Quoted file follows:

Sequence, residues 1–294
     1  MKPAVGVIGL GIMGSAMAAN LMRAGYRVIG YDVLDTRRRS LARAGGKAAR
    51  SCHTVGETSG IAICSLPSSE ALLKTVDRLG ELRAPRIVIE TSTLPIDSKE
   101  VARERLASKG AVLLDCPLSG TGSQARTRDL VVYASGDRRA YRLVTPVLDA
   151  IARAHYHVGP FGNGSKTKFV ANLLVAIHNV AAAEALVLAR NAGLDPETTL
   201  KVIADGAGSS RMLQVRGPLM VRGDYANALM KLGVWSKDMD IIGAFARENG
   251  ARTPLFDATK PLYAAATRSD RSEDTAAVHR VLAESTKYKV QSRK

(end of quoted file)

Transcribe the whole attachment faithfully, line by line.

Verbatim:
Sequence, residues 1–294
     1  MKPAVGVIGL GIMGSAMAAN LMRAGYRVIG YDVLDTRRRS LARAGGKAAR
    51  SCHTVGETSG IAICSLPSSE ALLKTVDRLG ELRAPRIVIE TSTLPIDSKE
   101  VARERLASKG AVLLDCPLSG TGSQARTRDL VVYASGDRRA YRLVTPVLDA
   151  IARAHYHVGP FGNGSKTKFV ANLLVAIHNV AAAEALVLAR NAGLDPETTL
   201  KVIADGAGSS RMLQVRGPLM VRGDYANALM KLGVWSKDMD IIGAFARENG
   251  ARTPLFDATK PLYAAATRSD RSEDTAAVHR VLAESTKYKV QSRK